All Posts By Heather Ramsdell

Cooking with Kids: Adventures in Guacamole Making, Plus a Simple Recipe

by in Family, Recipes, June 23rd, 2015

Cooking with Kids: Adventures in Guacamole Making, Plus a Simple RecipeI taught my daughter’s third-grade class how to make good guacamole. It was my second time working with classroom 3B, this time not in the art room but on a diminutive desk in the classroom itself. On this knee-high rectangle of beechwood-colored Formica with a scooped out slot for a pencil at the top, I was able to use skills gained long ago interning at a doll-size garde manger station, elbows pinned to my sides.

When kids came into their classroom, they found tortillas, knives and avocado halves on their tables, and the other ingredients were ready on mine. It smelled like onions and cilantro. Passing teachers poked their heads in to see why. I worked fast to outpace the kids’ hunger, questions and strong desire to get avocado goo on their sleeves. Eventually I guided my 19 cooks to a high-five-inducing guacamole (with a side of chips).

First I told them the safe and polite way to handle their plastic knives (by the handle, always cutting away from your body, the other hand’s fingers curled under, etc.). Then we cut up tortillas to make chips. They are studying fractions, so there was a lot of debate. Some tables chose eighths for more chips, some went with sixths for bigger chips, and others chose straight strips for the sake of innovation. We tossed them in a bowl with oil and salt, layered them on sheet pans and popped them into the oven down the hall in the art room. Then we moved on to the main attraction.

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Cooking with Kids: Adventures in Strawberry Shortcake Making, Plus a Simple Recipe

by in Family, Recipes, June 2nd, 2015

Strawberry ShortcakeI like to cook with my 8-year-old. It’s way more fun than room cleaning and other required household activities. Recently, I decided to bring our pastime into her third-grade class and make strawberry shortcakes with them. I was nervous. I have stage fright. Also, though I have made this dish dozens of times, I have no prior experience doing it with the help of 19 small friends. (Hats off to all teachers in the land, by the way.)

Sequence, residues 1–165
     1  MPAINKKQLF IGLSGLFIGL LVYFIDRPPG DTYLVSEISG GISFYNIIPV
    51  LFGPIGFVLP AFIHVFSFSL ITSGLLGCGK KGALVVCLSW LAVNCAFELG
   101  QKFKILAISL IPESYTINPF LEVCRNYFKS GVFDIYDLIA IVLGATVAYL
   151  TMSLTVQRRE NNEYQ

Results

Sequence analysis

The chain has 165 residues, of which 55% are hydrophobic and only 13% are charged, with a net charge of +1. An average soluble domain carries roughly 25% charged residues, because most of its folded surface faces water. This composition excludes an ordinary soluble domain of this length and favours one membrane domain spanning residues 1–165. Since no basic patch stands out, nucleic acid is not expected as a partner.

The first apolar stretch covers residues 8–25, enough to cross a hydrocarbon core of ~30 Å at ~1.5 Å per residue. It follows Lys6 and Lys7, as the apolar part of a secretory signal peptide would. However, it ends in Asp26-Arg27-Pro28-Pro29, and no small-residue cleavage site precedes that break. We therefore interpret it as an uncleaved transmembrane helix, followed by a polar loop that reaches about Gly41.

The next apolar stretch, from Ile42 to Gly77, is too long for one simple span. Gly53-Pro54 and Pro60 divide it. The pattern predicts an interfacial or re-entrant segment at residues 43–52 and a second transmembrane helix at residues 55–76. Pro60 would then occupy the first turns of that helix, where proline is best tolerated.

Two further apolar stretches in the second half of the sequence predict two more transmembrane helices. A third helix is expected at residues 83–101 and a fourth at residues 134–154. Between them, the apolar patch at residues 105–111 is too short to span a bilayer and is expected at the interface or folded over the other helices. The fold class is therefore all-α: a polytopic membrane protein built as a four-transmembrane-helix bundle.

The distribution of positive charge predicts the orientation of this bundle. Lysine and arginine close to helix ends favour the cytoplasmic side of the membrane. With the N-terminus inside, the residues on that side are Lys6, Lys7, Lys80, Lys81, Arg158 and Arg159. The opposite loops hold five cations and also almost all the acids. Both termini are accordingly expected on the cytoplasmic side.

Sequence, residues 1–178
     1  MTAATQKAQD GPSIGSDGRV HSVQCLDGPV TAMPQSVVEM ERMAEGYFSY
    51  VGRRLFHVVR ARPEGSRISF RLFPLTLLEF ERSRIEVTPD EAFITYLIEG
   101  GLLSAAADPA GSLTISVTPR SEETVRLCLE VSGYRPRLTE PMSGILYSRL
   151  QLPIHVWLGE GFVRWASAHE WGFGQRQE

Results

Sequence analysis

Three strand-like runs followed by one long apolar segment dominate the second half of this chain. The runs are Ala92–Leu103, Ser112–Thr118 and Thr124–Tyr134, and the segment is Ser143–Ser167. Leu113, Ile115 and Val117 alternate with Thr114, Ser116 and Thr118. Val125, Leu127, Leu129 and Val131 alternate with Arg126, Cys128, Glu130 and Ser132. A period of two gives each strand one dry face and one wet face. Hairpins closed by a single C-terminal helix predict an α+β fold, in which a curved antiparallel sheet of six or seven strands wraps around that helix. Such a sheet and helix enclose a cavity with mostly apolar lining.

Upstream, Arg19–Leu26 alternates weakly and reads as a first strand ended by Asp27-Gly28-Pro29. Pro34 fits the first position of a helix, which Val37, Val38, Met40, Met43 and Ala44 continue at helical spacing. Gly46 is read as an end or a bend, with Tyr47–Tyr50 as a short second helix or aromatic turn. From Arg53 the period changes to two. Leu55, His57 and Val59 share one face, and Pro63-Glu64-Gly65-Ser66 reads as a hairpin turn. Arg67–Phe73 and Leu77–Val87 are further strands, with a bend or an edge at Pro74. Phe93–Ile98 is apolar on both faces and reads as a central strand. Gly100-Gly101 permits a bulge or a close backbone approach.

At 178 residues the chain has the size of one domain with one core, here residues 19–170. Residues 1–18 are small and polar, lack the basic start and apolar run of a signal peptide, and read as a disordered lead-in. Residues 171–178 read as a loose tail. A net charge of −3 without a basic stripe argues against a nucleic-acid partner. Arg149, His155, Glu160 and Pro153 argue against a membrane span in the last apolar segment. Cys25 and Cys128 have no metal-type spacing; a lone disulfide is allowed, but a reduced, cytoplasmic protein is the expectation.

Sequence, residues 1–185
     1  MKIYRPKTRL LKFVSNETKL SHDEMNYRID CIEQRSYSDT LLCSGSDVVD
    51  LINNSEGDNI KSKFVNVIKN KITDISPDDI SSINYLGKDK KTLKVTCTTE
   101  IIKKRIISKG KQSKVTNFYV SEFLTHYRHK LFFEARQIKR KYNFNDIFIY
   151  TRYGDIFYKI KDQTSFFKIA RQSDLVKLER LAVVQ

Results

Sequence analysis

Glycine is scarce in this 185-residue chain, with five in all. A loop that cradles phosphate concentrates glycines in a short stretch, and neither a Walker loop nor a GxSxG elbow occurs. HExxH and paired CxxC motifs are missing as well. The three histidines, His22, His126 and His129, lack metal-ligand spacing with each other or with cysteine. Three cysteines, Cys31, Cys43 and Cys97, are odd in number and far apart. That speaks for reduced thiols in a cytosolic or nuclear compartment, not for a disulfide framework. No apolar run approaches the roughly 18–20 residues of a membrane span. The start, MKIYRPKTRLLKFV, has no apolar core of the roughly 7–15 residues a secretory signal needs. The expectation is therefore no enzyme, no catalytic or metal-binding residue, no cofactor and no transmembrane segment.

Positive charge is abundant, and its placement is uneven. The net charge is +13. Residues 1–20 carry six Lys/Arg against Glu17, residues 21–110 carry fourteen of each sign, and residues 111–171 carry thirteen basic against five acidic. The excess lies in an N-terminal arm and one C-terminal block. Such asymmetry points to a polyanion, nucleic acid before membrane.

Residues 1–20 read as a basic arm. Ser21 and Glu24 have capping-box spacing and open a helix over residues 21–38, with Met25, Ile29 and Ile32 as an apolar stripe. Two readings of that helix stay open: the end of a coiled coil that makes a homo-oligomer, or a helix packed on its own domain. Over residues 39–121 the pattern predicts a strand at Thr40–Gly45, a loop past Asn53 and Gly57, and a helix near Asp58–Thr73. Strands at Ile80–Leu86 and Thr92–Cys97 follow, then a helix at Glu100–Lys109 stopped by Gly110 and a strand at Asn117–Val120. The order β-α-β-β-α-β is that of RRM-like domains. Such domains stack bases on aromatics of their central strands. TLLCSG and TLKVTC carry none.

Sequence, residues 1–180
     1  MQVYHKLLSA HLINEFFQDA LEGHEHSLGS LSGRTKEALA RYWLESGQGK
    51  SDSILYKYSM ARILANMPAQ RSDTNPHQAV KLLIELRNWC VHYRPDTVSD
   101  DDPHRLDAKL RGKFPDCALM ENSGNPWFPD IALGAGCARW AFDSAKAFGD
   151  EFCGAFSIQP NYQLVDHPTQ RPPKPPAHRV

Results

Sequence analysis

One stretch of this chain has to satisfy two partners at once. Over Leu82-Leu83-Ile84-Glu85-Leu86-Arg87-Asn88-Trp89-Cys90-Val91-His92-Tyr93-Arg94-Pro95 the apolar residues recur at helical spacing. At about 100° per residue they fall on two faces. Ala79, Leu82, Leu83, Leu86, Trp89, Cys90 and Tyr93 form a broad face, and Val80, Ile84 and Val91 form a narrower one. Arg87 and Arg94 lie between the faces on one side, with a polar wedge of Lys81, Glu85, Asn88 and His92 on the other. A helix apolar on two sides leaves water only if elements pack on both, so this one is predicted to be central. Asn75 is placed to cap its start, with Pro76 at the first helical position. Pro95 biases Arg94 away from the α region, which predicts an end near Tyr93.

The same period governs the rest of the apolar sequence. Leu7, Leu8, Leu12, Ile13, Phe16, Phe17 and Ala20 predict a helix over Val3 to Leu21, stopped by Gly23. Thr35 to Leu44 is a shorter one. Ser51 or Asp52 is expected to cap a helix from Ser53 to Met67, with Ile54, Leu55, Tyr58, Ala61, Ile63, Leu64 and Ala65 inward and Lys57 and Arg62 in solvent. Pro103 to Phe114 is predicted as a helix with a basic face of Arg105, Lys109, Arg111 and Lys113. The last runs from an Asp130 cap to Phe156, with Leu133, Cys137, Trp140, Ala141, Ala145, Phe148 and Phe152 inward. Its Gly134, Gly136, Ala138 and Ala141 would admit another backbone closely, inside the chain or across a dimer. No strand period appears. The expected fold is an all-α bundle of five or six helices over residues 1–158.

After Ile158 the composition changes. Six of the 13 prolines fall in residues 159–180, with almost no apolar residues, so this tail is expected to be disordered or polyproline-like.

I figured that strawberry shortcakes would be a good teaching dish; most kids like this springy dessert, making it does not require tons of technical skill, and the recipe has three parts to keep kids engaged. To make it easier, I chose the simplest cream biscuit recipe I knew, and measured out the ingredients ahead of time. (I sliced the berries too, because that’s time-consuming and a little boring.)

The primary reason to show kids how to make this is that someday our kids will be old enough to cook by themselves, and if they know how to make strawberry shortcakes, they might make some for us. Don’t I want that to happen? Yes, I do.

Here’s what you need to make strawberry shortcake with your own group of kids. Below, I am including a prep list, an equipment checklist and the recipe. Scale it up for every 12 kids you want to feed. It is possible, with some extra preparation, to sneak in other skills, like addition, multiplication, division and fractions, and how to read and follow instructions. Use the shopping list and class plan to help simplify the work. Use the checklist to pack and to plan, and the class itself will go pretty smoothly. As it turns out, this third-grade class was a friendly audience. They were curious and helpful, and loved eating their work.

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25 Essentials for an At-the-Ready Kitchen Kit

by in How-to, February 3rd, 2015

25 Essentials for an At-the-Ready Kitchen KitMy friend just finished renovating his apartment. He’s all moved in, but his stuff isn’t yet; it’s still in storage.

Next time, I thought, using an unfortunate technique known as hindsight, wouldn’t it be good to pack a separate emergency mess kit, just for use until everything is unpacked? A few essential cooking tools might help break up the days and nights of consecutive delivery pizza, Chinese takeout meals and bologna sandwiches. I kept the list spare enough that you’d retain the desire to unpack, yet diverse enough to cover the bases for cooking. Choose smallish items. Pack them into a plastic box that can also serve as a dishpan and you’re set for the next time you renovate, or move, or spend time in a vacation house furnished only with a butter knife and a salt shaker.